I was really heartened that a local blog had appeared which represented the Smoking Community locally to me. I was disappointed to find that it was a political party (BNP) blog.

Bloody annoying.

Like Leg Iron, DP. Subrosa (even though she is very SNP!), Snowdon, etc you are essentially pro-freedom and anti-tyranny and anti-brainwashing and anti-ban. I am sure that that is correct.

Yes, that's about it. I've really only become 'political' over the past few years, and almost entirely in response to the smoking ban. As I've mentioned several times before, I used to vote Lib Dem, and regarded myself as a bit left wing.

I posted my response to the Wigan chap before I'd looked at his website. It would seem that he is indeed BNP. Not that I mind. It simply makes me think that the BNP don't like the smoking ban either (something I've read before). If so, good for them.

Frank

Wigan Patriot (Anonymous) Expand
Re: Wigan Patriot (Anonymous) Expand
Re: Wigan Patriot (Anonymous) Expand
Re: Wigan Patriot (Anonymous) Expand
Junican - I don't give any sign at all that I'm pro-BNP I out-and-out proclaim it. We say it loud and clear on the heading to our blog.

And it IS "we": there are four of us authors, and we all have different points of view

Morgan.

The Antis

(Anonymous)
As Frank has so well stated, we know how things have gone for many smokers; but, what has happened to the antis?

I suspect damn little. They didn't go to the small local pubs in the first place and the city places that they do go to are mostly bars/lounges in restaurants.

Except for being slightly purified, their, out of home, world has changed little.

These vile, slimy twats and pricks have ruined others lives at no cost to themselves.

The smoking ban is a grand medical experiment fomented by the antis and put into effect by politicians; but, in medical science there are ethical concerns about hurting some people for the greater good and such experiments are considered ethically unacceptable.

So too, smoking bans must be considered as an experiment that is ethically unacceptable.

Gary K.

Another major impact has occurred in the jobs market, especially in the building trade.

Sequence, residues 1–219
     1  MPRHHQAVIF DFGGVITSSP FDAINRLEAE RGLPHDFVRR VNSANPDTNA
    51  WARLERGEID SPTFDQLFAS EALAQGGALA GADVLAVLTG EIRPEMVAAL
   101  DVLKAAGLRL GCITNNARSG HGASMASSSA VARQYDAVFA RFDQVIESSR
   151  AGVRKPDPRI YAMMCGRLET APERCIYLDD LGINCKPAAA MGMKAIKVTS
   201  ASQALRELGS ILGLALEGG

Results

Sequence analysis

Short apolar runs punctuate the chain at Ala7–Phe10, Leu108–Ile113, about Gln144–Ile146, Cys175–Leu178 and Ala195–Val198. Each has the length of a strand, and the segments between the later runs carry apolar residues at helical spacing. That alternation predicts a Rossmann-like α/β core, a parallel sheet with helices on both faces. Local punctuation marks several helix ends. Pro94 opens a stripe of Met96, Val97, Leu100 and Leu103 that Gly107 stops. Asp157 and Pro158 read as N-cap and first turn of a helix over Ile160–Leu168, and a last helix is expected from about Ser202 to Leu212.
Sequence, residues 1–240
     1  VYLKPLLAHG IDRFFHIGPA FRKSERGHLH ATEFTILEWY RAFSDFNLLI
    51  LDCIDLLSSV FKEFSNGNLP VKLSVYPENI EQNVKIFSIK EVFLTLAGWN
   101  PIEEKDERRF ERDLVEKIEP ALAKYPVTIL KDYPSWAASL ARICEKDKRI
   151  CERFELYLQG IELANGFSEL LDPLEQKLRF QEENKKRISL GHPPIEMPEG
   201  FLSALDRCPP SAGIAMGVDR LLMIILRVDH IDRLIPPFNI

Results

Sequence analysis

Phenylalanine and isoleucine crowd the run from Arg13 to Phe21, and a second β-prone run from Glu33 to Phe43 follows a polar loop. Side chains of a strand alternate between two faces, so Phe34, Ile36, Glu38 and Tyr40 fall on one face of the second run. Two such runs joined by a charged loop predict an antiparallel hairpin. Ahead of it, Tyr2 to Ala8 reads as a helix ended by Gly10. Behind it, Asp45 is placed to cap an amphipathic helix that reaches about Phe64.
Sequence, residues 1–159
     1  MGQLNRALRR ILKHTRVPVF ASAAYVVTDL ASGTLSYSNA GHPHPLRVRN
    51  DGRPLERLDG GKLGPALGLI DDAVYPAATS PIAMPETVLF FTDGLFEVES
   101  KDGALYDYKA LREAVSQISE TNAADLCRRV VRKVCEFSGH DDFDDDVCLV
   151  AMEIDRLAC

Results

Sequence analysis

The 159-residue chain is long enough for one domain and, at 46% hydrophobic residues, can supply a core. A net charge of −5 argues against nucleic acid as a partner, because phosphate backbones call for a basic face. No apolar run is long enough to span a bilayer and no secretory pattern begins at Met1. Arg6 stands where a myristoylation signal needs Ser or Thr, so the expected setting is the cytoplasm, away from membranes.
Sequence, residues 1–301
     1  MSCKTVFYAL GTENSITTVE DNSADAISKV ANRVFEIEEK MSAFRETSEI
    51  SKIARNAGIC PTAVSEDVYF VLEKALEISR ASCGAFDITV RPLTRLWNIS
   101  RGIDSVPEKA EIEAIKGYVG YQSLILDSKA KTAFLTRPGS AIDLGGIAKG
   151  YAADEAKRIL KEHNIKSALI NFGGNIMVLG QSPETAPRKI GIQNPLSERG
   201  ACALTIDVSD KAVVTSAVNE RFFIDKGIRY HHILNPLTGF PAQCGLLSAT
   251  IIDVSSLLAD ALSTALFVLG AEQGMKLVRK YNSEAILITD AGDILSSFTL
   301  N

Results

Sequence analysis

Tradesman would always go to the local pub to see what work was around. There were always other tradesman there who needed a chippie /sparks/plasterer or decorator etc.
More work was found in pubs than the job centre.
How many couples met in pubs ? Millions I expect as pubs were the ideal singles experience to be able to meet other people.
No wonder there is not much work in the building trade, except for agency workers earning less for themselves and more for the agencies.
Also not as many couples getting together like they did in the past.

The smoking ban is a grand medical experiment fomented by the antis and put into effect by politicians; but, in medical science there are ethical concerns about hurting some people for the greater good and such experiments are considered ethically unacceptable.

It is questionable if this is really for the 'greater good'; it would more seem that some people live out their obsession of e.g. prolonging life; health etc.etc.

Just before I read a post on the Bavarian facebook group page; One member of this group had been to czechia and he did notice that there was no hysteria on lighting up after a meal; non-smokers and smokers sat happily together on a table, deep in conversation. Just as it used to be here.
Then the member of the group did also spot a sign somewhere, saying:

'It is not about adding years to life - it is about adding life to years'.
---------------------------

Another major impact has occurred in the jobs market, especially in the building trade.
Good point!